In total, the Commission considered and adjudicated over thirty five (35) cases of which twenty three (23) were on alleged unfair trading practices; five were on alleged anti-competitive trade practices while seven were on mergers and acquisitions.

This statement provides a summary of the Commission's determination on some of the cases.

For more information, contact Mr. Lewis Kulisewa on 0999960235 or email This email address is being protected from spambots. You need JavaScript enabled to view it.

CHARLOTTE WEZI MALONDA

EXECUTIVE DIRECTOR

 

SUMMARY OF THE COMMISSION’S DETERMINATION OF THE CASES

 

CASTEL GROUP MALAWI LTD FINED MK35.416 MILLION FOR SUPPLYING HARMFUL PRODUCTS

The Commission ordered Castel Group Malawi Ltd — to pay a fine of MK35.416 million for supplying the market with products likely to cause harm to consumers.

This followed an investigation which the Commission conducted which established that CASTEL Group Malawi Ltd supplied 36,000 bottles of contaminated and defective SOBO Orange Squash batches number B284, B285, B286, and B287. The Commission concluded that the defective batches of the product failed to comply with prescribed consumer safety standards in violation of section 43 (1) (e) of the Competition and Fair Trading Act which prohibits manufacturers from supplying products which were likely to cause injury to health or physical harm to consumers.

The Commission further concluded that, following the discovery of the defective product, the company did not make timely communication to inform consumers about defect and the steps they needed to take to dispose off the product. That delay further endangered the health of consumers.

In line with Section 51 of the Competition and Fair Trading Act, the Commission imposed a fine amounting to the financial gain generated by the offence to be paid within 30 days. Finally, the Commission ordered Castel Group to develop an appropriate product recall mechanism that prioritises consumer interests.

 

CASTEL GROUP MALAWI LTD FINED MK500,000.00 FOR SUPPLYING PRODUCTS CONTAINING FOREIGN OBJECTS

The Commission ordered Castel Group Malawi Ltd — to pay a fine of MK0.5 million for supplying the market with products containing foreign objects likely to cause harm to consumers.

This followed an investigation which the Commission conducted which established that CASTEL Group Malawi Ltd supplied three different products containing foreign objects. The affected products were: Cocacola, Sprite and Carlsberg Chill. The presence of the foreign objects on the three complaint products was confirmed by the Malawi Bureau of Standards as well as the manufacturer.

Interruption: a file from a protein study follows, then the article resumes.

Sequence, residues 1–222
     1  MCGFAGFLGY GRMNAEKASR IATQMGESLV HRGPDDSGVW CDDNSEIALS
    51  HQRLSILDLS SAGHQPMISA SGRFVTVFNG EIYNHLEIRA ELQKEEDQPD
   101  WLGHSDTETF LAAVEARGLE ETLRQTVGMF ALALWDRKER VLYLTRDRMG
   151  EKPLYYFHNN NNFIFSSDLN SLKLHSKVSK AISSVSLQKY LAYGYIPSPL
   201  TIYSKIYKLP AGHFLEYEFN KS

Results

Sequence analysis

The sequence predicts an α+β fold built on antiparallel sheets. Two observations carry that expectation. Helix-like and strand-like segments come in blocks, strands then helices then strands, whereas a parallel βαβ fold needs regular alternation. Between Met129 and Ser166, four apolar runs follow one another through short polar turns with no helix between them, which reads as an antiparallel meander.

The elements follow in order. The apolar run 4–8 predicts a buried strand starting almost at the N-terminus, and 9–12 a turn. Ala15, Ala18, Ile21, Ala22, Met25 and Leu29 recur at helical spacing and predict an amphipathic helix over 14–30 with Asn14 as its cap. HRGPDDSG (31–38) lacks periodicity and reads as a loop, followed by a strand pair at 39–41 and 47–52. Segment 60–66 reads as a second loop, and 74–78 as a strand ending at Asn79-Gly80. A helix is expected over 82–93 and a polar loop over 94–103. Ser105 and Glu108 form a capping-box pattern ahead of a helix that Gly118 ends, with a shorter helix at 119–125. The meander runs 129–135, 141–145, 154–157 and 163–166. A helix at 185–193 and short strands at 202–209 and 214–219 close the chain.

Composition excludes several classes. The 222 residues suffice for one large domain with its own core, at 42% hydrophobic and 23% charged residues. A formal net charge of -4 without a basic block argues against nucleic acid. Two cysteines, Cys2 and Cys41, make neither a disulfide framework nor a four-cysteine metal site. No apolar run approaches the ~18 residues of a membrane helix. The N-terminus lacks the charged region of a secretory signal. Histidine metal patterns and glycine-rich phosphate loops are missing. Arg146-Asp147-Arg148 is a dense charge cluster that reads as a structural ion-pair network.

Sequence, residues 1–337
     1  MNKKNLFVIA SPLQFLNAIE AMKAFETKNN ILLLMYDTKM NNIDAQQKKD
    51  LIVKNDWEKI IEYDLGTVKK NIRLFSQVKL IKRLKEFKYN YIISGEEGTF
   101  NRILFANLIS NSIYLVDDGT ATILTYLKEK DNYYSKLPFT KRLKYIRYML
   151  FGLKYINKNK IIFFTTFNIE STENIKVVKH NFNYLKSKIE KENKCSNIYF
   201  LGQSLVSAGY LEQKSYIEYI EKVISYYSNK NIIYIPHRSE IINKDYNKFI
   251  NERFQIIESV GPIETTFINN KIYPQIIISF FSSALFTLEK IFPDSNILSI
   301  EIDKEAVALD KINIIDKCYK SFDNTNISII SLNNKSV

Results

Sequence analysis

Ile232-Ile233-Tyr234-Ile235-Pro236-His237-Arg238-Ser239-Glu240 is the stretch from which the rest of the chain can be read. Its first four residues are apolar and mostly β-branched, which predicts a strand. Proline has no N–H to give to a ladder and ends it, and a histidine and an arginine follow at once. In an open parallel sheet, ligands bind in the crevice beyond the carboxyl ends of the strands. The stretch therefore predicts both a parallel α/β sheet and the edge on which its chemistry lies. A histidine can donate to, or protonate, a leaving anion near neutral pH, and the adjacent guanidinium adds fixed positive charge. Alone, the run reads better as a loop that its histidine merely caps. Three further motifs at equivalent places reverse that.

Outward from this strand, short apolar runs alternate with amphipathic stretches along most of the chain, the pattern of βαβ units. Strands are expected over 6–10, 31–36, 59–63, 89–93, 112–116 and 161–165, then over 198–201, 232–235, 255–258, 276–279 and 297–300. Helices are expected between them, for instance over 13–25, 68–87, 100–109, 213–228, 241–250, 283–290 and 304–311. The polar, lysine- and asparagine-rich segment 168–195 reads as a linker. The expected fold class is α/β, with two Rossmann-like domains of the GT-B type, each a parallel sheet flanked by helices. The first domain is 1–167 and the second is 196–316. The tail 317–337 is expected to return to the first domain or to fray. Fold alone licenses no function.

The Commission concluded that the three complaint products failed to comply with prescribed consumer safety standards in violation of section 43 (1) (e) of the Competition and Fair Trading Act which prohibits manufacturers from supplying products which were likely to cause injury to health or physical harm to consumers.

In line with Section 51 of the Competition and Fair Trading Act, the Commission imposed a minimum fine of MK500,000.00 to be paid within 30 days.

 

PEOPLES TRADING CENTRE FINED MK500,000.00 FOR MISLEADING CONDUCT

The Commission ordered Peoples Trading Centre to pay a fine of MK0.5 million for engaging in misleading conduct with regard to pricing of chickens.

This followed an investigation which the Commission conducted which established that, in December 2017, the price tags on frozen chickens at Peoples Supersave in Lilongwe were different from the prices displayed at the till. The Commission also established that the price differences, which caused consumer harm, were due to negligence.

The Commission concluded that this was a clear infringement of Section 43(1)(d) of the Competition and Fair Trading Act which prohibits traders from engaging in any conduct likely to mislead the public as to the nature, price, availability, characteristics, suitability for a given purpose, quantity or quality of any products or services.

In line with Section 51 of the Competition and Fair Trading Act, the Commission imposed a minimum fine of MK500,000.00 to be paid within 30 days.

 

ALLEGED UNCONSCIONABLE CONDUCT BY MULTICHOICE MALAWI LTD THROUGH QUOTING IN FOREIGN CURRENCY WITHOUT AUTHORISATION